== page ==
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Subject:

QUERY: Responses to mixed models query

From:

"Kate Parry" <[log in to unmask]>

Reply-To:

Kate Parry

Date:

Thu, 11 Feb 1999 14:47:34 -0000

Content-Type:

text/plain

Parts/Attachments:

Parts/Attachments

text/plain (144 lines)

I would like to thank Stephen Senn and Trevor McMullan for their responses
to my recent query. Their suggestions are given below

_________________________

>From Stephen Senn:

My comments.

> Recently a researcher at Salisbury approached me for advice. A paper he
> had submitted for publication in a journal had been rejected on
> statistical grounds. The researcher had performed repeated paired t-tests
> and the referee had suggested that a repeated measures ANOVA would
> be more appropriate. I have little knowledge of mixed models and am not
> sure as to how such an analysis could be applied to his data set. I would
> be grateful for any comments you might have.

Personally I hate repeated measures ANOVA and share the view of two
eminent statisticians: Yates and Finney, that the split plot approach
is not adequate for analysing repeated measures over time. I suspect
that the referee doesn't know what (s)he is talking about.

> The researcher had conducted a retrospective study of stroke and MS
> patients (n=111 and n=21 respectively) with a dropped foot who had
> been treated using the Odstock Drop Foot Stimulator (ODFS). This
> device had been fitted to the patients’ leg with Functional Electrical
> Stimulation (FES) being used to stimulate the muscles as the patient
> walked. The patients were allowed to take the ODFS devices home to
> use as desired. Patients were routinely assessed at their initial visit,
> at 6 weeks, 4˝ months and every 6 months thereafter whilst they
> continued to use the stimulator. At each assessment the patients’ PCI
> (Physiological Cost Index) and walking speed were measured.
> PCI (beats/m) = change in heart rate from rest to walking (beats/min) /
> walking speed (m/min).
>
> At each assessment patients were asked to walk briskly over a 10 metre
> course six times with approx. 10 seconds rest between walks. During three
> of the six walks the stimulator was activated. The order of the
stimulated
> (S) / non-stimulated (NS) walks was varied to compensate for fatigue. The
> following order was set: NS S S NS NS S. The mean walking speed and
> PCI for the NS and S runs were calculated. Some patients were not able to
> complete all six runs and their mean readings were therefore based on
> fewer runs. All data were obtained from patient notes. Data for each
> individual run were recorded in the notes, but only the patient means
> have been recorded on the database and there is no way of knowing the
> number of observations on which each mean was based.

I would have preferred a randomised order. This sounds like a
series of repeated n-of-1 trials. As such the data are interesting
and valuable and worth analysing used random effect models. Are you
and this researcher interested in a collaboration?

> For the paper in question only the initial and 4˝ month assessments were
> considered. The ability to walk at least 10 metres was defined as an
> inclusion criterion, as was the availability of data at both time points.
>
> The researcher had reported the results of repeated paired t-tests on the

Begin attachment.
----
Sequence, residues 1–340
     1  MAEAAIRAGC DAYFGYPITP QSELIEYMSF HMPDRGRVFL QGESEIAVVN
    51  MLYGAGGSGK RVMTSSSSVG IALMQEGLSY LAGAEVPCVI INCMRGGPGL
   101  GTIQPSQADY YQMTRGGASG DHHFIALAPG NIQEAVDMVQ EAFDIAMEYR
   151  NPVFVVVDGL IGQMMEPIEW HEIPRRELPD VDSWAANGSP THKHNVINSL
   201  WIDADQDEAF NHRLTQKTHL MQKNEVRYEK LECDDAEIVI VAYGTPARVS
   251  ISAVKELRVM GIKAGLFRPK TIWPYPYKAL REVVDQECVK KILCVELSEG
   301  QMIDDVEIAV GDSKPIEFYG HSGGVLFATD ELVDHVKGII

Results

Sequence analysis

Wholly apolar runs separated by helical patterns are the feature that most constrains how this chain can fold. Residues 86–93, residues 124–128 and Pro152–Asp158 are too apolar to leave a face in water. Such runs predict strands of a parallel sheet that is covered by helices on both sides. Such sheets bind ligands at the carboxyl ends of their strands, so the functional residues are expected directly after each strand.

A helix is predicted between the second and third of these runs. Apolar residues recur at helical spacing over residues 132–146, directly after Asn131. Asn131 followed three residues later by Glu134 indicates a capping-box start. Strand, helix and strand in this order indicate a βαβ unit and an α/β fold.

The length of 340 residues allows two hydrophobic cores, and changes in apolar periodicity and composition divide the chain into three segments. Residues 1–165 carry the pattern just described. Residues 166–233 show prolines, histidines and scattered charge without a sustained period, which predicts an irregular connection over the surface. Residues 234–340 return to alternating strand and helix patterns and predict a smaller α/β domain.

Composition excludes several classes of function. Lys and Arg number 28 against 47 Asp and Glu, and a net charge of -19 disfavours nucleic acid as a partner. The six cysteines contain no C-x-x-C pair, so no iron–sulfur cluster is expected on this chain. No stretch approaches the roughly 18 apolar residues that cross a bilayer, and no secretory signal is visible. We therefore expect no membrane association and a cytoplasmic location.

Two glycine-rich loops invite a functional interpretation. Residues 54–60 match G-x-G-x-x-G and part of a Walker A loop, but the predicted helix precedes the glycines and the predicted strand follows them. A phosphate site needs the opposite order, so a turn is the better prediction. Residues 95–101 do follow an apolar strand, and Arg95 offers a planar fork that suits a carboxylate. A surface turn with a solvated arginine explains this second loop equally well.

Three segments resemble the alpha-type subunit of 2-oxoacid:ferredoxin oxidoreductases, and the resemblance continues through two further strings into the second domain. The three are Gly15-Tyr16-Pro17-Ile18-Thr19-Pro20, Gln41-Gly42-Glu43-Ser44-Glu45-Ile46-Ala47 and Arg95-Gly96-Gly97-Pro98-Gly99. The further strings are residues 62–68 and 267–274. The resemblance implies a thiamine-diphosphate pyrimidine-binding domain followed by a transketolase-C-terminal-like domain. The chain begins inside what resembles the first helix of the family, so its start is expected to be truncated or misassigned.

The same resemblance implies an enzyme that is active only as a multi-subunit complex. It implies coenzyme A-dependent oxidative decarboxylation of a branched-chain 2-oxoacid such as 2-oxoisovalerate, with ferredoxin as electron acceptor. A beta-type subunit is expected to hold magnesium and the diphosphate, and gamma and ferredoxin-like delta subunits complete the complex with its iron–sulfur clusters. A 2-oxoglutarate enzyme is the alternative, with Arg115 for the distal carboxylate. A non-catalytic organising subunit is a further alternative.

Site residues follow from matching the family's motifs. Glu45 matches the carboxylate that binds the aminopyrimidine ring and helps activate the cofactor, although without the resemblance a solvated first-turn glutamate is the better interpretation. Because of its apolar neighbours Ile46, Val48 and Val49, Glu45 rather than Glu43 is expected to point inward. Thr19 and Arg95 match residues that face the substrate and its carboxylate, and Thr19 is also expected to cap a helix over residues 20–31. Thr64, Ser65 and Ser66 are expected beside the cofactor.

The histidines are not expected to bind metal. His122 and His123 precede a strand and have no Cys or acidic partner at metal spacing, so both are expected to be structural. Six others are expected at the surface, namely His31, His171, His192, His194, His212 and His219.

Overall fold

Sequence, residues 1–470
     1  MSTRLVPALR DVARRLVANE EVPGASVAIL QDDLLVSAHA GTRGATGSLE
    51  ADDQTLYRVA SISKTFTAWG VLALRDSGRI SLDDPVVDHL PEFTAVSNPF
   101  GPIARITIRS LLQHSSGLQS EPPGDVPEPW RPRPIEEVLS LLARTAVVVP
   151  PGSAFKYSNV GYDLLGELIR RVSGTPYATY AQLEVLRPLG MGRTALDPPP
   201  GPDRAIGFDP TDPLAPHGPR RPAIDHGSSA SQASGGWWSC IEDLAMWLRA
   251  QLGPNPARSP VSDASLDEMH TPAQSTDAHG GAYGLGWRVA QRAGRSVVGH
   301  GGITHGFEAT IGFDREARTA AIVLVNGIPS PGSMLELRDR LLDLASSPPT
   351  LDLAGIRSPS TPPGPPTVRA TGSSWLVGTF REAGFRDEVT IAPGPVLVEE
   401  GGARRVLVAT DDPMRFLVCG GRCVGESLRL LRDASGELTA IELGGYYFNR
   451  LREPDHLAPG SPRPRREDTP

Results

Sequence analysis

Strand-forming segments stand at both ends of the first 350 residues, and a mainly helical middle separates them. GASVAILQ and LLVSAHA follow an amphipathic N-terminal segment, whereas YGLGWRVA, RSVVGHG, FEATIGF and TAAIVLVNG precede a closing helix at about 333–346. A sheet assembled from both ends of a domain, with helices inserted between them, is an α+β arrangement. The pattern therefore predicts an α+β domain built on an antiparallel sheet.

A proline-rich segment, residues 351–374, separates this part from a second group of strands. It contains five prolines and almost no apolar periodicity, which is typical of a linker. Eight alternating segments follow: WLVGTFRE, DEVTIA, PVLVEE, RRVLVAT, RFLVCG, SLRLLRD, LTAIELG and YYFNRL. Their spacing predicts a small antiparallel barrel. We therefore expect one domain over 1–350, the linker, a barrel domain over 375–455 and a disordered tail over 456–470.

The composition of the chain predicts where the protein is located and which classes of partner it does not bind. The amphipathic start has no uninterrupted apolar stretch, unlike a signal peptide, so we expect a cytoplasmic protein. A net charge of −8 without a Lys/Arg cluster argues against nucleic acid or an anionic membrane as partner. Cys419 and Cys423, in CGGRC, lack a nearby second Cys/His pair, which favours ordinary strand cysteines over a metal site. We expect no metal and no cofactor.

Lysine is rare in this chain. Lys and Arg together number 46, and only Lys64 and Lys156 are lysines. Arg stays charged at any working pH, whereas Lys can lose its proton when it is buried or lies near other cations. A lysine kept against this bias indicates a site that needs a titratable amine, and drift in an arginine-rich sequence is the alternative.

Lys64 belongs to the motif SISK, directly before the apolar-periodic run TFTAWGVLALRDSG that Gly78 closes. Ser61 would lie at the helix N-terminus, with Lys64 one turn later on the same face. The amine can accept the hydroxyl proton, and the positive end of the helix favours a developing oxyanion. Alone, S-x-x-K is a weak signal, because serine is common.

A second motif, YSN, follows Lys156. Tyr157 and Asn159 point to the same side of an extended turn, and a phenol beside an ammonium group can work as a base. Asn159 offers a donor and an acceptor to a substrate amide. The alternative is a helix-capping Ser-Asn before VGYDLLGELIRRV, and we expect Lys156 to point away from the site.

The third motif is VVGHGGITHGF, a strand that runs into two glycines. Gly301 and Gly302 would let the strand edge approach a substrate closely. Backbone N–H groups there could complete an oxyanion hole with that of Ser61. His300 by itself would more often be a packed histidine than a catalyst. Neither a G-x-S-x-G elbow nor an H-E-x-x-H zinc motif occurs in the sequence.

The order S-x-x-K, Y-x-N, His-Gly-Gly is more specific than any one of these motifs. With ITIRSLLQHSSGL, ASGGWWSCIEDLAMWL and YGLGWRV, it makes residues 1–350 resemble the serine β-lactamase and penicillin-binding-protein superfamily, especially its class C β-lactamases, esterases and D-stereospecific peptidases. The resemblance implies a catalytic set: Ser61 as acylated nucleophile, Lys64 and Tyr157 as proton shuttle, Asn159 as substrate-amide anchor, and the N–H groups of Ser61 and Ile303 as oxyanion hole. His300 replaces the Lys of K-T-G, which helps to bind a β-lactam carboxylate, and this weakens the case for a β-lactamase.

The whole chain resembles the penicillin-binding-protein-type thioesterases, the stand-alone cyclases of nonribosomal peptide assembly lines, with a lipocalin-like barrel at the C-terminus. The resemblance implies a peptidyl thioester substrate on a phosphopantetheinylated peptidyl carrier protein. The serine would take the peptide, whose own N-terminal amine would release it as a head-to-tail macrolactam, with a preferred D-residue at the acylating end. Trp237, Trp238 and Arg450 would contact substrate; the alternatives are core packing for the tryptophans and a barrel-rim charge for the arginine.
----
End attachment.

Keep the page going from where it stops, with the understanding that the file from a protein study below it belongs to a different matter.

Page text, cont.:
> mean values as follows
>
> NS3 – NS1 (non-stimulated (3rd visit (at 4˝ months)) – non-stimulated (1st
> visit))
> S3 – S1
> S1 – NS1
> S3 – NS3
> S3 – NS1
>
> The results were reported separately for stroke and MS patients. No
> formal comparisons were made between the two patient groups.
>
That seems not unreasonable.

> As you can see it’s a bit of a mess. I have reservations about performing
> an analysis treating mean values as individual observations, especially
> when the means in question are based on varying numbers of individual
> runs. Also, the runs themselves cannot be considered independent. The
> systematic way in which the order of runs was determined also raises
> concerns. Even if it were acceptable to treat the means as individual
> observations, how could a mixed model be applied? Note that S1, S3,
> NS1 and NS3 are all recorded on the same patient.
>
> All comments gratefully received - even if they’re to say that you don’t
> think that there is any appropriate analysis for this data set without the
> raw values.
>
> Regards
>
> Kate
>
> P.S. Other studies have reported that, if the ODFS is used periodically,
> the patients' ability to walk without the ODFS can also improve, hence
> the non-stimulated readings at each follow up assessment.
>
> *************************************************
Regards

Stephen
--------------------------------------------------
Professor Stephen Senn
Department of Statistical Science &
Department of Epidemiology and Public Health

University College London
Room 316, 1-19 Torrington Place
LONDON WC1E 6BT

Tel: +44 (0) 171 391 1698
Fax: +44 (0) 171 813 0280
Email: [log in to unmask]
webpage: http://www.ucl.ac.uk/~ucaksjs/
-------------------------------------------------



Whilst I am quite definitely no expert it does appear to be a split-plot in
time model that is being suggested. Another technique is Ante
Dependent Analysis. One name you might want to check out is Ron
Kennett, I think of Oxford who is due to have a book published on the
subject. I assume the editor was thinking that you might create a factor
type variable for your index, as ANOVA tends to be a designed
experiment with factors; how you would use a covariate in this context,
I am not sure.

I'd be interested in your replies.

Trevor
________________
Trevor McMullan
Statistician
Quintiles Toxicology Pathology Services
Tel: +44 (0)1531 634121
Fax: +44 (0)1531 634753
email: [log in to unmask]









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